In the past two decades, virtual reality (VR) technology has found use in a variety of clinical settings including pain management, physical medicine and rehabilitation, psychiatry, and neurology. However, little is known about the utility of VR in the palliative care setting. Moreover, previous investigations have not explored user perceptions of the VR experience in this population. Understanding user perceptions of the VR intervention will be critical for the development and delivery of effective VR therapies. To examine the utility of VR for palliative care patients, a pilot study of VR use was conducted with 12 adult patients diagnosed with life-limiting illness who were residents at a free-standing hospice facility. The intervention consisted of a one-time 30-minute VR experience. User perceptions were assessed through both quantitative and qualitative means, including participant responses to open-ended questions after the VR intervention. Acute changes in symptom burden were assessed using the revised Edmonton Symptom Assessment Scale. Participants found the VR experience to be both enjoyable and useful, and the intervention was well-tolerated overall. This study provides support for VR as a promising new therapeutic modality for patients undergoing palliative care.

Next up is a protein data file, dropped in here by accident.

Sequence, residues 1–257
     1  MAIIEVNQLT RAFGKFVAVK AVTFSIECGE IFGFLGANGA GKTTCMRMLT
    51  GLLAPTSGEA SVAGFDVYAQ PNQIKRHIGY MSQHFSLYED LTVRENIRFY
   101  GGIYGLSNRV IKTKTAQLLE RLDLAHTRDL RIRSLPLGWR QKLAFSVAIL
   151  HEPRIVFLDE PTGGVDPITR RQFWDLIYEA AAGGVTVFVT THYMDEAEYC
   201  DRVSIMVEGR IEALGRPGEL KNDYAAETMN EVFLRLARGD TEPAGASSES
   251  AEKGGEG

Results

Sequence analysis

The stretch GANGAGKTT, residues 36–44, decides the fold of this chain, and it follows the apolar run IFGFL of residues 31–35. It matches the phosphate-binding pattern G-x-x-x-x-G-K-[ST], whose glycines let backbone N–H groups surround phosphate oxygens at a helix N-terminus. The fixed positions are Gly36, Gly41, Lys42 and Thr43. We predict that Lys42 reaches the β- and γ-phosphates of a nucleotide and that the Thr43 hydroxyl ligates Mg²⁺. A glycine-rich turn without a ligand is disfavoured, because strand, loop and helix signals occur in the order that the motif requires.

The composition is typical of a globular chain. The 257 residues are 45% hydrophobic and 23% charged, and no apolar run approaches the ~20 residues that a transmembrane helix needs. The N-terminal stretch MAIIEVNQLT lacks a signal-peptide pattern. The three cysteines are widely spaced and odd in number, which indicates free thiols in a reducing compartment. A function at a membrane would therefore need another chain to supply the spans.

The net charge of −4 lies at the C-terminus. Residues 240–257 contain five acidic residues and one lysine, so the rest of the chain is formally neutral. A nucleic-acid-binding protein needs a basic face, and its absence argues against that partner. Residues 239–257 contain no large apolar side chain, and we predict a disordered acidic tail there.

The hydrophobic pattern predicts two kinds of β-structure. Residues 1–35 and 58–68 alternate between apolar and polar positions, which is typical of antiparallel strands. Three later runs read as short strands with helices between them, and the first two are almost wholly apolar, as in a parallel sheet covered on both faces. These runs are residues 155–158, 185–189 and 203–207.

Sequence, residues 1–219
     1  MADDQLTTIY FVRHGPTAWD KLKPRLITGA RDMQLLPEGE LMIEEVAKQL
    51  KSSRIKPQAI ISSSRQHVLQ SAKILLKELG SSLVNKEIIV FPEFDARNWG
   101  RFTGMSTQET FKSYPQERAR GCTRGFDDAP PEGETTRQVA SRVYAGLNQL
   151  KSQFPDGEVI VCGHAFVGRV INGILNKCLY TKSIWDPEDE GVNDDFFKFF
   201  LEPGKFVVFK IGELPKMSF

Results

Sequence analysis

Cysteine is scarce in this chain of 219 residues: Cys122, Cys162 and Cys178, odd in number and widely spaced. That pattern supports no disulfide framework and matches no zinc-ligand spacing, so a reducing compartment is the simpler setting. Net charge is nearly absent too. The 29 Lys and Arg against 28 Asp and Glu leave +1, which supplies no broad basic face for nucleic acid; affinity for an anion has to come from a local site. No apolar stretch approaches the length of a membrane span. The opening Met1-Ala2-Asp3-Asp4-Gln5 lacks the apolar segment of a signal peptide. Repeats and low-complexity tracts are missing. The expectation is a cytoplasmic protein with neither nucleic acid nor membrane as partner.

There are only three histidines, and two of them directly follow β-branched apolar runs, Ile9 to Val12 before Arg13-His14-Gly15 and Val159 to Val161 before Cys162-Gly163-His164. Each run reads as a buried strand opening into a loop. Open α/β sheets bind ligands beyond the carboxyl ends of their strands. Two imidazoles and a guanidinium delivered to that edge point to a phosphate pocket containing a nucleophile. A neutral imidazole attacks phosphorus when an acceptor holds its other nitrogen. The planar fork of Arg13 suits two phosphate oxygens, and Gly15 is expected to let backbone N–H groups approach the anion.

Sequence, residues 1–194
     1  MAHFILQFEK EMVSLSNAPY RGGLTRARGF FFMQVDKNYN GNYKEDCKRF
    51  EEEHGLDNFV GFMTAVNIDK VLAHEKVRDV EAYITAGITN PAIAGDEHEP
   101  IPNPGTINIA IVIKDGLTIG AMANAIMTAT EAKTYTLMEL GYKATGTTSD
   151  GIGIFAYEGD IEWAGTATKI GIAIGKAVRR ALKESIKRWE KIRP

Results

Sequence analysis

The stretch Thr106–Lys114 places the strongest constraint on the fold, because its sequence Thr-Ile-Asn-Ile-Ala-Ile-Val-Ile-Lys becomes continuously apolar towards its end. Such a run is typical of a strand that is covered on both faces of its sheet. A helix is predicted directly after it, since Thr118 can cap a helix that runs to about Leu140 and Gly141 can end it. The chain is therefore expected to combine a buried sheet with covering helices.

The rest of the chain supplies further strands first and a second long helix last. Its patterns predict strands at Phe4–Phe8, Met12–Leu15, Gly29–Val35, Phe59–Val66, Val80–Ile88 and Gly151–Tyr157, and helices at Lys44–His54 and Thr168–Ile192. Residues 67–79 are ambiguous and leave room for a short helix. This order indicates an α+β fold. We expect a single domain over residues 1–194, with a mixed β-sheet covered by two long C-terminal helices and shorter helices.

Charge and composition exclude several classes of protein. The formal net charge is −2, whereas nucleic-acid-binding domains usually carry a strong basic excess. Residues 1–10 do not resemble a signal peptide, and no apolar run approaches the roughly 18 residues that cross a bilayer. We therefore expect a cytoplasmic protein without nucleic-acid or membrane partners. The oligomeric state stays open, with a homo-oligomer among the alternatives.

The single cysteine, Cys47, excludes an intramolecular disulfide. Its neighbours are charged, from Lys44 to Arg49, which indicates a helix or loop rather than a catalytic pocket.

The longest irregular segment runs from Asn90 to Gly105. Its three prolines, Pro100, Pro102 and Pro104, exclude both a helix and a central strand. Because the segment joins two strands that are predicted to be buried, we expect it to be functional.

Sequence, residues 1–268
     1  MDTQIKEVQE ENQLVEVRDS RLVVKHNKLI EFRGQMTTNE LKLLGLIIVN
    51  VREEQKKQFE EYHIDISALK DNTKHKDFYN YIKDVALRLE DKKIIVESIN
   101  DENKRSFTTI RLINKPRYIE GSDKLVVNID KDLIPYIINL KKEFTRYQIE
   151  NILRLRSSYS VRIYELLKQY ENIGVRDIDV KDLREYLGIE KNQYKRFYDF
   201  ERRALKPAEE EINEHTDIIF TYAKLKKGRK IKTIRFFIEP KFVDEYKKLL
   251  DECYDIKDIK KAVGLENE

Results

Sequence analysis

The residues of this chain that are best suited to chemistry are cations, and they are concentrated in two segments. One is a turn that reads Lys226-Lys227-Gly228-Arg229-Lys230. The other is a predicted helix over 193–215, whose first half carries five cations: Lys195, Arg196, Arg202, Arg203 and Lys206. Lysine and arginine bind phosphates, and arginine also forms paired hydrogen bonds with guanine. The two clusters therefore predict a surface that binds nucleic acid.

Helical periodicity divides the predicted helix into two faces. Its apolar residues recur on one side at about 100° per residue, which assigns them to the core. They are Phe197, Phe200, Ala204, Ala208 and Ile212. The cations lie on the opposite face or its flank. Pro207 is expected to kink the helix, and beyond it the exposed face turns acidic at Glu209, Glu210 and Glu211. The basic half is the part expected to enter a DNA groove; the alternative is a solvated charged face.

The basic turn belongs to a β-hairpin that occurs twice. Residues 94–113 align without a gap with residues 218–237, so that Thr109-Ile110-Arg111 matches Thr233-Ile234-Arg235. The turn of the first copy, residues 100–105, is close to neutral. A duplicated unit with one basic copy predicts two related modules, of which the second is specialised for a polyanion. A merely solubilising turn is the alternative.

Keywords: alternative therapies; palliative care; symptom management; virtual reality.